Pronunciation[edit]

Noun[edit]

bar m (indefinite plural barëra, definite singular bari, definite plural barërat)

  1. grass
  2. (figuratively) tasteless food
Declension[edit]

Etymology 2[edit]

Noun[edit]

bar m (indefinite plural barna, definite singular bari, definite plural barnat)

  1. medicine, medication, medicinal plant
  2. (figuratively, colloquial) cure, palliative, solution
  3. (figuratively, colloquial) marijuana, likely a calque from English or French
Declension[edit]
Derived terms[edit]

References[edit]

  1. ^ D. Q. Adams, "Heal: *bher-", in Encyclopedia of Indo-European Culture (London: Fitzroy-Dearborn, 1997), 262.
  2. ^ Orel, Vladimir (1998), “bar”, in Albanian Etymological Dictionary, Leiden, Boston, Cologne: Brill, →ISBN, page 17

Azerbaijani[edit]

Etymology 1[edit]

From Persian بار‎.

Noun[edit]

bar (definite accusative barı, plural barlar)

  1. fruit
    Synonym: meyvə
  2. crop, harvest, yield
    Synonym: məhsul
  3. (figuratively) fruit (an end result, effect, or consequence)
    Synonym: bəhrə
  4. (archaic) burden
    Synonym: yük

Etymology 2[edit]

Ultimately from English bar.

Noun[edit]

bar (definite accusative barı, plural barlar)

  1. bar (a business selling alcoholic drinks)

Etymology 3[edit]

Internationalism; ultimately from French bar, from Ancient Greek βάρος (báros).

Noun[edit]

bar

  1. (meteorology) bar (unit of pressure)

Declension[edit]

Further reading[edit]

  • bar” in Obastan.com.

Catalan[edit]

Etymology[edit]

From French barre

Noun[edit]

bar m (plural bars)

  1. bar (establishment)
  2. bar (unit of measure)

Cimbrian[edit]

Alternative forms[edit]

Etymology[edit]

From Middle High German wir, from Old High German wir, from Proto-West Germanic *wiʀ, from Proto-Germanic *wīz.

Pronoun[edit]

bar

  1. (Sette Comuni) we
    Synonym: bandare
    Bar zeinan bèllase.We are Italians.
    Bar zeinda.We are here.
    Bar habanze galummet.We took them.

Inflection[edit]

References[edit]

  • “bar” in Martalar, Umberto Martello; Bellotto, Alfonso (1974) Dizionario della lingua Cimbra dei Sette Communi vicentini, 1st edition, Roana, Italy: Instituto di Cultura Cimbra A. Dal Pozzo

Crimean Tatar[edit]

Etymology 1[edit]

From Proto-Turkic *bār.

Predicative[edit]

bar

  1. there is, there are, indicates existence or possession
    Antonym: yoq

Etymology 2[edit]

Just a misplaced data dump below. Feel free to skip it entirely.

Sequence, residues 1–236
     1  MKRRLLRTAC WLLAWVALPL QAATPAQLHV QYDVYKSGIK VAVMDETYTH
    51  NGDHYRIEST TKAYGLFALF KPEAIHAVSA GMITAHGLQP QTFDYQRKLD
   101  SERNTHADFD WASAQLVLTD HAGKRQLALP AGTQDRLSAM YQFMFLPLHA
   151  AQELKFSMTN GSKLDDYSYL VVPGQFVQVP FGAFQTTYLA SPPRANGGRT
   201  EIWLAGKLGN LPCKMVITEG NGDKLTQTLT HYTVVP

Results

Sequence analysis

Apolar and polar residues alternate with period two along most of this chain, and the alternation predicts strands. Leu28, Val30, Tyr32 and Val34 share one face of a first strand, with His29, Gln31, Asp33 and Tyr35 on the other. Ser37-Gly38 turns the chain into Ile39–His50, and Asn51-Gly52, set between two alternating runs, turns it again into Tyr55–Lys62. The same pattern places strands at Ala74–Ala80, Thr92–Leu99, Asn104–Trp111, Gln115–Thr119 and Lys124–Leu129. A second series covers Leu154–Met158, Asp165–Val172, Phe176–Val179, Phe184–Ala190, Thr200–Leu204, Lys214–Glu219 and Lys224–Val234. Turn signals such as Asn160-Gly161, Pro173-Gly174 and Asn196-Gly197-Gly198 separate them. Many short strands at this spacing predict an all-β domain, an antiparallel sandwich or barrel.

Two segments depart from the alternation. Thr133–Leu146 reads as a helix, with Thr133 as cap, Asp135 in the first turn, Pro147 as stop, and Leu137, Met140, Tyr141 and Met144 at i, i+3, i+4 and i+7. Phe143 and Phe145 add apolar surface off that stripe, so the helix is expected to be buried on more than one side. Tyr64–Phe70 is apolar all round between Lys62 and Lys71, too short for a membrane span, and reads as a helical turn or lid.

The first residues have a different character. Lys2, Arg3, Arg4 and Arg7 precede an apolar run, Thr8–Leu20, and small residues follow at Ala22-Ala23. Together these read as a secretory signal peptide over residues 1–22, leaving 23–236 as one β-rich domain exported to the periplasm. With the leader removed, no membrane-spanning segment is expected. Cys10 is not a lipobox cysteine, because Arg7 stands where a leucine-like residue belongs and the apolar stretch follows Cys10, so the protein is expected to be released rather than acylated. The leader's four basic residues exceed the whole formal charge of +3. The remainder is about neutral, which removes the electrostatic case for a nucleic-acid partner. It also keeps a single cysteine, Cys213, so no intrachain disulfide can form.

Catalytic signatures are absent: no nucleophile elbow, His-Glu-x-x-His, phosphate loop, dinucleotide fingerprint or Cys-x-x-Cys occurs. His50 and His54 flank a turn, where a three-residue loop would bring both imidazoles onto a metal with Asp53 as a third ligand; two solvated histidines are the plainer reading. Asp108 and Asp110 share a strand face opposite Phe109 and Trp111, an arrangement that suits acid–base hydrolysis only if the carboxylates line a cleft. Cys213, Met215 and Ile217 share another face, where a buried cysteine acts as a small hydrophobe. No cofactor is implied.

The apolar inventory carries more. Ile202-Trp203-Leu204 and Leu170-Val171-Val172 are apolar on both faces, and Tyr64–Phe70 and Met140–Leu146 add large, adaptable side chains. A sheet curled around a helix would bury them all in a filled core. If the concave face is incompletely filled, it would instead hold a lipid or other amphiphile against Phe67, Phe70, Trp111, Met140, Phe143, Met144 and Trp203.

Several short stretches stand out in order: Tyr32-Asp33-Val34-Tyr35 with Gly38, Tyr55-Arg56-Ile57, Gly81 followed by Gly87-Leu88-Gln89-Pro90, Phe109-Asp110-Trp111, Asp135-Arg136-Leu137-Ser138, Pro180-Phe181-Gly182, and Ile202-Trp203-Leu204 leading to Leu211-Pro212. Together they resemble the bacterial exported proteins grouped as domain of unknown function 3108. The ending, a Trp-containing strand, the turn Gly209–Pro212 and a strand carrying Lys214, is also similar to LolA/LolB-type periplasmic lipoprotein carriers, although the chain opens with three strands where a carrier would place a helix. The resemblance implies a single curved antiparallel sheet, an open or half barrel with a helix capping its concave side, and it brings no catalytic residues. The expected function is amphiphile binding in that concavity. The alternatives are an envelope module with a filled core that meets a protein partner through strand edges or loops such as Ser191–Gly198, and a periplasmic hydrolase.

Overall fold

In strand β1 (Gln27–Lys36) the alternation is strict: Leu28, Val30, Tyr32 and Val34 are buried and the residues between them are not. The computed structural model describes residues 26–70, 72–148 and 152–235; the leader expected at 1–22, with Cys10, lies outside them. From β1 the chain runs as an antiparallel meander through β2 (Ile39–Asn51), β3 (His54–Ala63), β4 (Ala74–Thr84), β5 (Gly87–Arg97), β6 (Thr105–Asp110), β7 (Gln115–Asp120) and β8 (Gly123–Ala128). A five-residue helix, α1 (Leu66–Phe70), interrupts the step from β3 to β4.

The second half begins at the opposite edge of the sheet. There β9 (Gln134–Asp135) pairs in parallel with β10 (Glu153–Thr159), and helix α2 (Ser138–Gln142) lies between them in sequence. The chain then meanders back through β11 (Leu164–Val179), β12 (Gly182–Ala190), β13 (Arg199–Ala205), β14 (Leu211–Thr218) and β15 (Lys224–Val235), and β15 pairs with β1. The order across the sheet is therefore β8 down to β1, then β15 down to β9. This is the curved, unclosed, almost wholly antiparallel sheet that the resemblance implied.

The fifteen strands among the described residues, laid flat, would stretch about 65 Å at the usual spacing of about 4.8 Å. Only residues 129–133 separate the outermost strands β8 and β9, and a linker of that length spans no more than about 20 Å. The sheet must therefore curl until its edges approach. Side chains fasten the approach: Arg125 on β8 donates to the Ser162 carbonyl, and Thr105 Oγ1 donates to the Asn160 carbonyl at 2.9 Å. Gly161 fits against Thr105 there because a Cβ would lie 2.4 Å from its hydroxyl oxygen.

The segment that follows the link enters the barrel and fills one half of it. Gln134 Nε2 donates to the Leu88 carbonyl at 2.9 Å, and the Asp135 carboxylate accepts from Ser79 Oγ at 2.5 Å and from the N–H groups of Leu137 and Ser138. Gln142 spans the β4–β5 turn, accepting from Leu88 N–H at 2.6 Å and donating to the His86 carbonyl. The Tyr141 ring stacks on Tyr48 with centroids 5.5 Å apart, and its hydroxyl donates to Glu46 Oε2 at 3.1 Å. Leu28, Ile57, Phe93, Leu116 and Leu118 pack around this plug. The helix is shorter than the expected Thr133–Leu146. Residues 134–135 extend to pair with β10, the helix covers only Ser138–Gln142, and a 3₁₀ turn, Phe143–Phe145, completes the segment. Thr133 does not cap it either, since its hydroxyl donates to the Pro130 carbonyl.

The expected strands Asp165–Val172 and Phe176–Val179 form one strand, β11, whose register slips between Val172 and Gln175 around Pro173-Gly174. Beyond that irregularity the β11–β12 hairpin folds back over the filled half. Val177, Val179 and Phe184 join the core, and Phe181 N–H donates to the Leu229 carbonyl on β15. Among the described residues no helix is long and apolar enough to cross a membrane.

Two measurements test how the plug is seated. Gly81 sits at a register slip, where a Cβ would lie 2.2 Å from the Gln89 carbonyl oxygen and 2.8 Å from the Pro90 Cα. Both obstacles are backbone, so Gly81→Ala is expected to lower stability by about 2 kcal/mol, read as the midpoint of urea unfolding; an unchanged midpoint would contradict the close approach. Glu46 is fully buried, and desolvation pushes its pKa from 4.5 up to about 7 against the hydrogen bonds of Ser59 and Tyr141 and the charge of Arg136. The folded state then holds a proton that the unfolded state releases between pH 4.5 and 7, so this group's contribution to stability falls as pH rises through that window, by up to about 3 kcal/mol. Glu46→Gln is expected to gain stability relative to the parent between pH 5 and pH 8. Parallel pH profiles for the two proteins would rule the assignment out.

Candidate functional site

Verb[edit]

bar

  1. second-person singular imperative of barmaq (to go, to arrive)

Czech[edit]

Pronunciation[edit]

Etymology 1[edit]

Borrowed from English bar.

Noun[edit]

bar m

  1. bar (a business selling beverages)
  2. bar (the counter of such a premises)
  3. bar (a cabinet used to store alcoholic drinks in a private house or a hotel room)
Declension[edit]
Derived terms[edit]
Related terms[edit]

Etymology 2[edit]

Czech Wikipedia has an article on:
Wikipedia cs

Borrowing from modern European languages, originally coined based on Ancient Greek βάρος (báros, weight).

Noun[edit]

bar m

  1. bar, a non-SI unit of pressure equal to 100,000 pascals
Declension[edit]

Further reading[edit]

  • bar in Příruční slovník jazyka českého, 1935–1957
  • bar in Slovník spisovného jazyka českého, 1960–1971, 1989

Dalmatian[edit]

Etymology[edit]

From Latin bibere.

Verb[edit]

bar (second-person plural present baite)

  1. to drink

Danish[edit]

Pronunciation[edit]

Etymology 1[edit]

From Old Danish bar, Old West Norse berr (with ʀ-umlaut), from Proto-Germanic *bazaz.

Adjective[edit]

bar (neuter bart, plural and definite singular attributive bare)

  1. bare, naked
  2. sheer, pure
Derived terms[edit]

Etymology 2[edit]

Borrowed from English bar.

Noun[edit]

bar c (singular definite baren, plural indefinite barer)

  1. bar (business licensed to sell intoxicating beverages, counter of such a premises)
Inflection[edit]

Etymology 3[edit]

From Ancient Greek βάρος (báros, weight).

Noun[edit]

bar c (singular definite baren, plural indefinite bar)

  1. bar (unit of pressure)
Inflection[edit]

Etymology 4[edit]

See the etymology of the corresponding lemma form.

Verb[edit]

bar

  1. past tense of bære

Dutch[edit]

Pronunciation[edit]

Etymology 1[edit]

Borrowed from English bar.

Noun[edit]

bar m (plural bars, diminutive barretje n)

  1. A bar, counter, drink cabinet.
  2. A bar, pub serving alcohol.
Derived terms[edit]

-types of establishment

Descendants[edit]

  • Indonesian: bar

Etymology 2[edit]

From Old French barhaine, probably of Germanic origin, possibly Frankish *baʀ (bare; barren).

Adjective[edit]

bar (comparative barder, superlative barst)

  1. harsh, tough (used mainly with koude (cold), or omstandigheden (conditions))
  2. barren, inhospitable, bare
  3. crude, grim, unfriendly
Inflection[edit]
Inflection of bar
uninflected bar
inflected barre
comparative barder
positive comparative superlative
predicative/adverbial bar barder het barst
het barste
indefinite m./f. sing. barre bardere barste
n. sing. bar barder barste
plural barre bardere barste
definite barre bardere barste
partitive bars barders
Derived terms[edit]

Etymology 3[edit]

(This etymology is missing or incomplete. Please add to it, or discuss it at the Etymology scriptorium.)

Adverb[edit]

bar

  1. extremely (only in a negative sense)

Etymology 4[edit]

From Ancient Greek βάρος (báros, weight), coined c. 1900.

Noun[edit]

bar

  1. bar (a unit of pressure, equal to 100,000 pascals)
Derived terms[edit]
Related terms[edit]

Descendants[edit]

  • Indonesian: bar

References[edit]

  • M. J. Koenen & J. Endepols, Verklarend Handwoordenboek der Nederlandse Taal (tevens Vreemde-woordentolk), Groningen, Wolters-Noordhoff, 1969 (26th edition) [Dutch dictionary in Dutch]

Faroese[edit]

Verb[edit]

bar

  1. he, it bore, carried:: 1st and 3rd person singular past tense form of bera (to bear, to carry)

Conjugation[edit]

Conjugation of bera (group v-54)
infinitive bera
supine borið
participle (a26)1 berandi borin
present past